He said an NYSC call-up letter could have also got him some sort of consideration for the employment, but he didn't have that to present too.
"It was very painful because these are opportunities one is not supposed to miss just like that," Ogiriki lamented.
Edwin Lawani, a Project Management Technology graduate from the Federal University of Technology, Akure (FUTA), missed out on a similar opportunity to secure a job at an insurance firm after the shutout from NYSC.
The 25-year-old faced financial difficulties with the disruption caused by the coronavirus pandemic, and was forced to be prolific in applying for various jobs.
He was pleasantly surprised when he heard back from a potential employer and enthusiastically attended a scheduled interview.
The interview didn't end well for one specific reason.
"I hated myself when I was told to bring my NYSC discharge certificate.
"I was even told that assuming I have call up letter that they would still favour me but there was nothing to show them," he said.
The Presidential Task Force on COVID-19 last week announced that it has advised the NYSC to start planning ahead of resumption in future phases of Nigeria's response.
"We will work closely with them to design policies that may allow this to happen in the future," PTF coordinator, Sani Aliyu, said at a media briefing.
That resumption won't happen until at least September as the PTF, for the third time, also announced the extension of the second phase of the eased lockdown for another four weeks.
Even when that resumption happens, NYSC Director-General, Brigadier-General Shuaibu Ibrahim, has made it clear on more than one occasion that Batch A Stream One corps members will first be recalled to orientation camps to complete the remaining parts of training interrupted in March.
This means more waiting time for Stream Two members like the ones that spoke to Pulse and they're not too thrilled by it.
"I feel we are enlightened already about this pandemic; for crying out loud, we are graduates and we know the precautions and preventive measures to take to protect ourselves particularly because the pandemic isn't something that is going anywhere soon," Bello said.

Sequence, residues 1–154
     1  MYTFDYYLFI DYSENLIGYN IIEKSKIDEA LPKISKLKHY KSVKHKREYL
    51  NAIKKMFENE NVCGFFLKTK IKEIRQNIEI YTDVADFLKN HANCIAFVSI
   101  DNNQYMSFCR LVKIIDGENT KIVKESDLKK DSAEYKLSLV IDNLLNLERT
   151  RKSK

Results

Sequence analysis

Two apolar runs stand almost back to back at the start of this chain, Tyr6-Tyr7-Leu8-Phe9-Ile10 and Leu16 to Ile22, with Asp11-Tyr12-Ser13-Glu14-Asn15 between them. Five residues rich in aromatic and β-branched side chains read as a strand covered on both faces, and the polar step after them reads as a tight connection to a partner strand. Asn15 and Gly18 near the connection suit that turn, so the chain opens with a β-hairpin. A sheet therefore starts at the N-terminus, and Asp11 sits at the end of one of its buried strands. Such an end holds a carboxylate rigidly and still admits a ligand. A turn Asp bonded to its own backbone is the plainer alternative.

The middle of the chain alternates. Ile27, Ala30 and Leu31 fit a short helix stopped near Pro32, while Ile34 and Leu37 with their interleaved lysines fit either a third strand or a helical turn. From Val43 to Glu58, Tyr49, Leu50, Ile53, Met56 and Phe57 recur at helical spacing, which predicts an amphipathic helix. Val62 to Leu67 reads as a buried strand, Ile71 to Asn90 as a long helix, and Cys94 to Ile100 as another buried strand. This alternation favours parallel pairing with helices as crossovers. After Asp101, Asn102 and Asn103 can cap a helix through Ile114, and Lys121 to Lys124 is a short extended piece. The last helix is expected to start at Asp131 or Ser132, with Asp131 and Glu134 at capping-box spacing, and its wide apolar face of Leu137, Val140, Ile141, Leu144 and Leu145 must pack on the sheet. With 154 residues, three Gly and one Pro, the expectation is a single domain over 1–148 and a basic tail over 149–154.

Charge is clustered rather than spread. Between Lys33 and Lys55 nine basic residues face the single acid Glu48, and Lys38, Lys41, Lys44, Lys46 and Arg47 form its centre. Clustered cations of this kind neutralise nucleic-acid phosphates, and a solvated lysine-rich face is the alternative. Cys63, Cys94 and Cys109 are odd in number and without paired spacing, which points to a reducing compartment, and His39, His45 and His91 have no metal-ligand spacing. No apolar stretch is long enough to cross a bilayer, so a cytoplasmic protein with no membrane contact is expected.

NYSC's State Coordinator in the Federal Capital Territory (FCT), Walida Isa, told Pulse that camps all over the country are already near complete readiness to take back corps members with all safety measures put in place.
"The PTF will come in soon to look at how prepared we are with the protocols and, if they are satisfied, they will give us the go-ahead to reopen," she said.
An Economic Sustainability Committee (ESC) led by Vice President Yemi Osinbajo suggested to President Muhammadu Buhari in June to consider suspending orientation camp exercises for two years, and simply deploy corps members to their places of primary assignment.
Lawani agrees with the committee's recommendation and believes it's the best way for the NYSC to move forward from the coronavirus disruption.
Ogiriki has a suggestion a bit more radical if the NYSC continues to stall while the coronavirus continues to linger.
"It will be wise for them to issue all of us who have registered the discharge certificate, since we cannot take up jobs without them," he suggested.
Since February, over 46,000 coronavirus cases have been recorded all over Nigeria, with nearly 1,000 fatalities.
And just like for a lot of everyone else, the longer the pandemic lasts, the longer it remains an impediment for prospective corps members who just want to serve and move on with their lives.